Is derealization treatable?

Do you ever feel like the world around you isn’t quite real? Like everything is just a simulation or some weird dream that you can’t seem to shake off? If so, then you might be experiencing derealization. But don’t worry, my friend – derealization is treatable!

What is Derealization?

Before we dive into how to treat derealization, let’s talk about what it actually means. Derealization is a symptom of anxiety and/or depression where the world around you feels unreal or distorted. It’s kind of like watching a movie on mute – everything looks familiar, but it’s hard to connect with it.

Some common signs of derealization include:

  • Feeling disconnected from your surroundings
  • Feeling like objects are changing in size or shape
  • Feeling like colors are more vibrant than usual
  • Feeling like time is moving faster or slower than normal

If any of these experiences sound familiar to you, then there’s a chance that you’re dealing with derealization.

Why Does Derealization Happen?

The tricky thing about derealization is that there isn’t one clear cause for why it happens. Some people experience it as part of their mental health condition, while others may have had an intense traumatic experience that triggered it.

One thing we do know for sure though: derealization tends to happen when our brains go into overdrive mode, often due to high levels of stress and anxiety. When this happens, our brain starts sending out signals incorrectly which leads us down the path towards feeling detached from reality.

How Can You Treat Derealization?

So now onto the million dollar question: what can we do about this pesky little problem called derealization? Luckily there are several treatment options available both professionally and at home!


A lot of times therapy can be really helpful for people who are struggling with derealization. A therapist can help you work through the underlying anxiety or depression that might be causing your symptoms in the first place.

One of the most common forms of therapy for this specific symptom is Cognitive Behavioral Therapy (CBT). This type of therapy helps patients learn how to recognize and change thought patterns that may be contributing to feelings of detachment and unreality.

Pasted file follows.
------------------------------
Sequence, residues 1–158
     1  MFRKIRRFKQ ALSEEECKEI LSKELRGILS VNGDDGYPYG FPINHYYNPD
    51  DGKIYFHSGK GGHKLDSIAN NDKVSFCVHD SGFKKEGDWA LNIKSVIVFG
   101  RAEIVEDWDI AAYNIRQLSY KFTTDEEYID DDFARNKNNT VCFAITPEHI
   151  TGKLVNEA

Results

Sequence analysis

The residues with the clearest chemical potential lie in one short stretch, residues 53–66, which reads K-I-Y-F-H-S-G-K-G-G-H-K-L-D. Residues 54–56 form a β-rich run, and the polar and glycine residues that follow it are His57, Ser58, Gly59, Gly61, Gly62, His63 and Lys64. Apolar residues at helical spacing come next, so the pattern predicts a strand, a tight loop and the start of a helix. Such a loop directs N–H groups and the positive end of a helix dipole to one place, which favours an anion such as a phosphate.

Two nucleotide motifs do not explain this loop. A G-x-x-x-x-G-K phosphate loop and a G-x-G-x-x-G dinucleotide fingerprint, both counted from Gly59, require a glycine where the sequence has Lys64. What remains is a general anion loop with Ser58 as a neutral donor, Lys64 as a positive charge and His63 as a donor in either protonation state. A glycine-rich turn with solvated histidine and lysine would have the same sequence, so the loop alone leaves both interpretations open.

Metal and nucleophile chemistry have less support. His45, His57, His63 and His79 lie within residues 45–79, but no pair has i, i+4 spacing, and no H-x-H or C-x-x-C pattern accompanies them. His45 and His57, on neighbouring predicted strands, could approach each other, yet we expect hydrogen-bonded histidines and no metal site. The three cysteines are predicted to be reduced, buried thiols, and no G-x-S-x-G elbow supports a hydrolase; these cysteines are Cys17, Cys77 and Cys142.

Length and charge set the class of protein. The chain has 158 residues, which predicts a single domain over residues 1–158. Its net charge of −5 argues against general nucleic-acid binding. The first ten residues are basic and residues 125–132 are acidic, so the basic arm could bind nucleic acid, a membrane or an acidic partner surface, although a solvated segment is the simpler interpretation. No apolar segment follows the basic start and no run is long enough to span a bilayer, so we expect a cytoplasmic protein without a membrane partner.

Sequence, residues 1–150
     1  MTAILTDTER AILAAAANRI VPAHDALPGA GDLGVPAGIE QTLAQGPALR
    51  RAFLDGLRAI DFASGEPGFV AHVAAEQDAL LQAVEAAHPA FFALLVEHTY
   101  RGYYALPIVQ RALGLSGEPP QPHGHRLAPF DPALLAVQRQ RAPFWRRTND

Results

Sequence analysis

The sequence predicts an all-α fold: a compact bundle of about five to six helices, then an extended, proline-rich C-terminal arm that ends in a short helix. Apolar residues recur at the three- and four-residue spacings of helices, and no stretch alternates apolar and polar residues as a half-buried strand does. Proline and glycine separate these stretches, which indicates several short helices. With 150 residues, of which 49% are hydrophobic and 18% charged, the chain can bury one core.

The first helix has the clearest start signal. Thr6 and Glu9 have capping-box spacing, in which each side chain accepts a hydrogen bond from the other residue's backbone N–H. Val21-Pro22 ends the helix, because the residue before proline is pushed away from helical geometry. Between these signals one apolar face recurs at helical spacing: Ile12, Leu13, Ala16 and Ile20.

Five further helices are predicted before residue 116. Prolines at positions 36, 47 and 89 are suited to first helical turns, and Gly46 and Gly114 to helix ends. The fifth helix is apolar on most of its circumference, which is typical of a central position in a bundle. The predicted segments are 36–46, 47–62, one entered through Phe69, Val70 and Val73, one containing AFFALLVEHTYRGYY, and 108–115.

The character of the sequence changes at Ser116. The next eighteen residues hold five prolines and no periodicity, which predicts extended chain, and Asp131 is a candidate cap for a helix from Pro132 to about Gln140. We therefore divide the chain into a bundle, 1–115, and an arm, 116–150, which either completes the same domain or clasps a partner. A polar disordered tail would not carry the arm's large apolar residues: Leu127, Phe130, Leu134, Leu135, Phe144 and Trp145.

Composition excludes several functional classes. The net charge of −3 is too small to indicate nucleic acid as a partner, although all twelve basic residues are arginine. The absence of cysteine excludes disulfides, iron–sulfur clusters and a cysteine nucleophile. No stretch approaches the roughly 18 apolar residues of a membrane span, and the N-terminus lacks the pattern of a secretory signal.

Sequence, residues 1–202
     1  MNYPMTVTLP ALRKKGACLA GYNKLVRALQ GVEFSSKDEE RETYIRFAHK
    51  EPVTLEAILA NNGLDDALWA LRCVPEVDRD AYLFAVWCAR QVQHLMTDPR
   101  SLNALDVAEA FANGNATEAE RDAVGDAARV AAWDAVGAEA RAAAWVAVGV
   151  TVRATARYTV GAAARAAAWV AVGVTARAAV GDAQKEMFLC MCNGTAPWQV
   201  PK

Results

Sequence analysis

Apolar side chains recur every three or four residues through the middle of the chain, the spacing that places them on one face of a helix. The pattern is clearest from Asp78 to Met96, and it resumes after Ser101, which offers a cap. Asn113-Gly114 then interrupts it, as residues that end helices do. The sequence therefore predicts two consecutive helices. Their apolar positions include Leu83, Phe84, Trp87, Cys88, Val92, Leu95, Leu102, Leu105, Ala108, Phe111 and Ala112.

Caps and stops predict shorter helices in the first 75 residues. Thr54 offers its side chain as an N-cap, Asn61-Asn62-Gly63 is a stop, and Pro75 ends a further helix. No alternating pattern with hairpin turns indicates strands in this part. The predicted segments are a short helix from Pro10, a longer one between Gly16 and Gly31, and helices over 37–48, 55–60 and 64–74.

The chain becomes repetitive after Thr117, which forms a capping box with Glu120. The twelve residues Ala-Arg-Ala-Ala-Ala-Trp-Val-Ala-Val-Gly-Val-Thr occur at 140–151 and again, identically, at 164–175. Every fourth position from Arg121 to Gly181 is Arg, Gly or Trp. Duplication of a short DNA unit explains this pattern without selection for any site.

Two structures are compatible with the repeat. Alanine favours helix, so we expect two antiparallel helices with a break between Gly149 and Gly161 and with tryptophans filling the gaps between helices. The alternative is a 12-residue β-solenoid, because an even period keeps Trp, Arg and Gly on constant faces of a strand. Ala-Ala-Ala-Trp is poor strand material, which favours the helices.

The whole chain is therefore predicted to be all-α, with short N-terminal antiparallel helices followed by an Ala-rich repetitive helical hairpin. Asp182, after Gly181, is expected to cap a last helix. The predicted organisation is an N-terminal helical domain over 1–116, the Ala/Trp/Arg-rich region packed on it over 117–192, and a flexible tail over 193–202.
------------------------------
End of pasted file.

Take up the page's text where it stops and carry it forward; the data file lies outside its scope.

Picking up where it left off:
In some cases, medication might also be recommended by a medical professional to help ease symptoms associated with derealization. Usually, antidepressants like selective serotonin reuptake inhibitors (SSRIs) would be prescribed because they’re known to have an effect on mood regulation.

Lifestyle Changes

Finally, making lifestyle changes like ensuring good sleeping habits, eating healthy food and regularly exercising has been correlated with lessening the severity of derealization symptoms (but let’s face it – who actually enjoys going outside?) Still worth trying though!

Coping Strategies For Those Big ‘Dereal’ Moments

We’ve all had those moments where we felt like we were trapped in our own headspace without any escape from reality around us! Here are a few coping strategies when these instances happen:

  • Focus on your breathing: Slow deep breaths tend to bring more oxygen into our bodies which helps reduce stress levels/anxiety.
  • Ground yourself: Sit down somewhere comfortable if possible and focus on sensation points such as feeling cold grass under feet
  • Practice mindfulness meditation: Meditation does wonders in helping us become more present in our surroundings.
  • Express creativity via art activities : Creative expression can really boost emotions , so try things out even if others say otherwise!

Don’t Give Up Hope!

While it can feel overwhelming at times dealing with something as strange as “derealizing”, keep faith – it’s absolutely treatable! Whether by seeking professional help or working toward a healthy lifestyle at home via different techniques outlined above, remember that there is no right way to tackle the problem. Focus on what works best and stay dedicated – it will get better!

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